In an unbiased search, the first result appears to be, of all things, the report from “Xinhua News,” the news agency of the official Chinese state media. I also noticed that many other Chinese media published (and at the time of writing still show) the same picture. Did “Xinhua” perhaps enjoy disseminating the image, even though the owner of “Xinhua”, the Chinese state, is said to have banned it, according to Western media?

Screenshot: Xinhua

By all accounts, no one in China batted an eye when the picture with the supposedly infamous figures appeared. The Western media already thought they had seized another good opportunity to pillory oh-so-dictatorial China once again. The German “Spiegel,” notorious for spreading outrageous lies by journalist Relotius and other cheaters, for example, fantasized that a “photo was shared a lot on the net – until China’s censors intervened for political reasons“:

Screenshot: German Spiegel spreading disinformation

But what is it about the alleged Tiananmen massacre that the Western media actually allude to when they point to the female athletes hugging each other? Former Washington Post Beijing bureau chief Jay Mathews acknowledged in 1998 that “all verified eyewitness accounts say that the students who remained in the square when troops arrived were allowed to leave peacefully.” Mathews called the Tiananmen Square massacre a “myth” and emphasized that it would be “hard to find a journalist who has not contributed to the misimpression.” As far as can be determined from the available evidence, no one apparently died in Tiananmen Square that night.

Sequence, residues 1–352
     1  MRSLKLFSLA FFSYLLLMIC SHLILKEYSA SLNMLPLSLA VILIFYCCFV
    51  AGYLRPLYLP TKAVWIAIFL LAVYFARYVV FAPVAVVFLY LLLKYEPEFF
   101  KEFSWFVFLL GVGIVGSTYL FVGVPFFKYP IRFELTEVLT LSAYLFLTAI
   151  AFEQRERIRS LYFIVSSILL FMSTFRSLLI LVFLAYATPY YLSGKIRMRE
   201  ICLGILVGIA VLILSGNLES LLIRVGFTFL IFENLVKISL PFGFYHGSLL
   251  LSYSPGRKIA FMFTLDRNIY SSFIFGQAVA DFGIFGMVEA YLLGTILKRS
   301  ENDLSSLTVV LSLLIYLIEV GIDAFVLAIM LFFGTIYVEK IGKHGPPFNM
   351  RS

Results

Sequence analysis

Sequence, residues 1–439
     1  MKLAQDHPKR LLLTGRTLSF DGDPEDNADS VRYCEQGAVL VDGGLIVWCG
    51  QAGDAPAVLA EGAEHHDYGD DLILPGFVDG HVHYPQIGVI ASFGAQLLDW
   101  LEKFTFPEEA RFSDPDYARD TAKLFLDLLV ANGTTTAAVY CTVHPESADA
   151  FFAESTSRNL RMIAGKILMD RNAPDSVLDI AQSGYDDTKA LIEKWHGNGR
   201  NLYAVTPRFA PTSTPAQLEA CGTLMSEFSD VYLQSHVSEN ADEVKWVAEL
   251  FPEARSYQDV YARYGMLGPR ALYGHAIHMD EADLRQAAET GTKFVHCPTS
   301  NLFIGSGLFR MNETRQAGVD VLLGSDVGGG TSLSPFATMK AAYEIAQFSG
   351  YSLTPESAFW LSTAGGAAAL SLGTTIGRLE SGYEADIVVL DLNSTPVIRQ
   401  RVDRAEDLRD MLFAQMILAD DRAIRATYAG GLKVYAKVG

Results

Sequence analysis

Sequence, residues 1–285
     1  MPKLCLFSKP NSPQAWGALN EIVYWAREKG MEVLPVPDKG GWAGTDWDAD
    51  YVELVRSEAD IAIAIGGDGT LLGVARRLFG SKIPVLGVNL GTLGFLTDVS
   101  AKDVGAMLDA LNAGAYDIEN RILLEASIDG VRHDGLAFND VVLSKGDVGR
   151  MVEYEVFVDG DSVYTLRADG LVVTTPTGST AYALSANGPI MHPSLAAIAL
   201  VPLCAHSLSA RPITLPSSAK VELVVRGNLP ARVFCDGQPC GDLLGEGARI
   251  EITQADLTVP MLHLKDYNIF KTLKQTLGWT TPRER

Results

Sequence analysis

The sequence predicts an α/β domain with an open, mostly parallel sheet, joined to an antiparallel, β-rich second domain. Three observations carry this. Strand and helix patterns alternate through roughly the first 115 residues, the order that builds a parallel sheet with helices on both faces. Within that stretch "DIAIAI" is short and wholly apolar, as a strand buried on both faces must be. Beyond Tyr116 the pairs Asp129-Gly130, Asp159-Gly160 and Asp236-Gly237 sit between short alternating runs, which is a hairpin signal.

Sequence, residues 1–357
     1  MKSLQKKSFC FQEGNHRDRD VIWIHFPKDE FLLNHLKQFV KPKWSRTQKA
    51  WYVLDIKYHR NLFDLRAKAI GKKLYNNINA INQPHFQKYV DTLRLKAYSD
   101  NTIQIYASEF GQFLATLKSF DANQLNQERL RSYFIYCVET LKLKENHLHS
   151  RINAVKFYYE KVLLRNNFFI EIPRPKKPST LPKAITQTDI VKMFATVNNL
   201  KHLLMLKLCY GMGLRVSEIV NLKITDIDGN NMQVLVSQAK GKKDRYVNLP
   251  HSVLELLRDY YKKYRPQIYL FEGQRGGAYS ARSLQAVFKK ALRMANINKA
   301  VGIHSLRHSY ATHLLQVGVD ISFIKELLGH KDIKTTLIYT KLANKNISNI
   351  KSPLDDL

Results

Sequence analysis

Tiananmen Protests – Massacre or Disinformation?

This view was also confirmed by “Reuters” correspondent Graham Earnshaw, who spent the night of June 3 to 4, 1989, in the center of Tiananmen Square and interviewed many students. He said that most of the students had already left the square peacefully by that time and that the remaining few hundred were persuaded to do likewise. “There was no violence, let alone a massacre,” Earnshaw said.

The unsuspected Gregory Clark, a British-Australian diplomat, journalist, author and university professor who lived for many years in Hong Kong, where he studied China extensively, and who has lived in Japan since 1976, wrote in an article in the “Japan Times” entitled: What Really Happened in Tiananmen Square?

“Yes, there was something close to a massacre in those streets, with some of the units originally sent to clear the square of students turning their guns wildly on the crowds that had tried to block their approach. And to find out why the soldiers did such an atrocious thing we do not have to look much beyond those widely publicized photos of military buses in rows being set on fire by those protesting crowds.